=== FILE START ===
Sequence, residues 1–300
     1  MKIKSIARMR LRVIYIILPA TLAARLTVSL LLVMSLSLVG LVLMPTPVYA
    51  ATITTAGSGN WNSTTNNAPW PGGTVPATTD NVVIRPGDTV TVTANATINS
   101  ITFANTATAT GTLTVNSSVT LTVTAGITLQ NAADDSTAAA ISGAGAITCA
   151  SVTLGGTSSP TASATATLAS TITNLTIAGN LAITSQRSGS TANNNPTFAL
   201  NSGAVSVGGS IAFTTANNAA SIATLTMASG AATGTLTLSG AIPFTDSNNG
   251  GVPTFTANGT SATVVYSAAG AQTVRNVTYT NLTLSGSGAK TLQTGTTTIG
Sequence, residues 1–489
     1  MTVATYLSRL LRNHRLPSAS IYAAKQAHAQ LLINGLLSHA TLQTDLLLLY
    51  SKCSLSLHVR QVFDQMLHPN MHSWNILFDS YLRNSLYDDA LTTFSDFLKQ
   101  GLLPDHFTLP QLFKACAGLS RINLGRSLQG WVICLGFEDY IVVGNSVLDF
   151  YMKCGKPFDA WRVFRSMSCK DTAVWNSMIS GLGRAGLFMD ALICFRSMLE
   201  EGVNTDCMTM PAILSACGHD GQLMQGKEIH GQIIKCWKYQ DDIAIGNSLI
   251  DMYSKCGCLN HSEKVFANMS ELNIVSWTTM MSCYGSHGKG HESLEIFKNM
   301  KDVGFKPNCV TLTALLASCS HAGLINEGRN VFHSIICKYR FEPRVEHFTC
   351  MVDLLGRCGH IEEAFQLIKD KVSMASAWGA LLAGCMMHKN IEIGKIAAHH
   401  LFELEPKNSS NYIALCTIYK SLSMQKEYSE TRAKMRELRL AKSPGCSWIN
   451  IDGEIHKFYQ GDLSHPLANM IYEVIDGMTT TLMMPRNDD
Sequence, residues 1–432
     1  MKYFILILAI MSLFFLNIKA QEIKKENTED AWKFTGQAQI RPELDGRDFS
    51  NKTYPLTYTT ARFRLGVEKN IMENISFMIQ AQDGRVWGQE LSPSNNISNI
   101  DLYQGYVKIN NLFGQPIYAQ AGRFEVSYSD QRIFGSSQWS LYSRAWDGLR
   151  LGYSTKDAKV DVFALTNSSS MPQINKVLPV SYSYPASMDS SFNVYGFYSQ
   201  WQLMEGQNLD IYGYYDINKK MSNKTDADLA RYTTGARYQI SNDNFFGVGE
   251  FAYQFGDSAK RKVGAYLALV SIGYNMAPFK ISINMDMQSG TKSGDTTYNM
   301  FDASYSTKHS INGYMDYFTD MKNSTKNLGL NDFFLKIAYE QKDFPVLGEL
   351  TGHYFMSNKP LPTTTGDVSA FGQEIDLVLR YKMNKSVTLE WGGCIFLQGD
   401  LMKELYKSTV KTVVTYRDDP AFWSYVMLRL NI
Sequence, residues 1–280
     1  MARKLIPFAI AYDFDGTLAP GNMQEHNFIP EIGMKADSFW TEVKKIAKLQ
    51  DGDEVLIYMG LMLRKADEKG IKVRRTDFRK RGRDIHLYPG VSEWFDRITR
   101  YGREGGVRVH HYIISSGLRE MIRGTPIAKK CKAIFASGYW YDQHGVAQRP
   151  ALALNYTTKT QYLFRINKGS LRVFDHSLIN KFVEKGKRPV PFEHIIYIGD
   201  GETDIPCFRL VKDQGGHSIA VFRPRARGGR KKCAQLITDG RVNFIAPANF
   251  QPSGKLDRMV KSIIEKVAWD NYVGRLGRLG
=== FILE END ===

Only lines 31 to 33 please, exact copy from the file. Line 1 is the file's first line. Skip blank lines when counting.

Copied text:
    51  DGDEVLIYMG LMLRKADEKG IKVRRTDFRK RGRDIHLYPG VSEWFDRITR
   101  YGREGGVRVH HYIISSGLRE MIRGTPIAKK CKAIFASGYW YDQHGVAQRP
   151  ALALNYTTKT QYLFRINKGS LRVFDHSLIN KFVEKGKRPV PFEHIIYIGD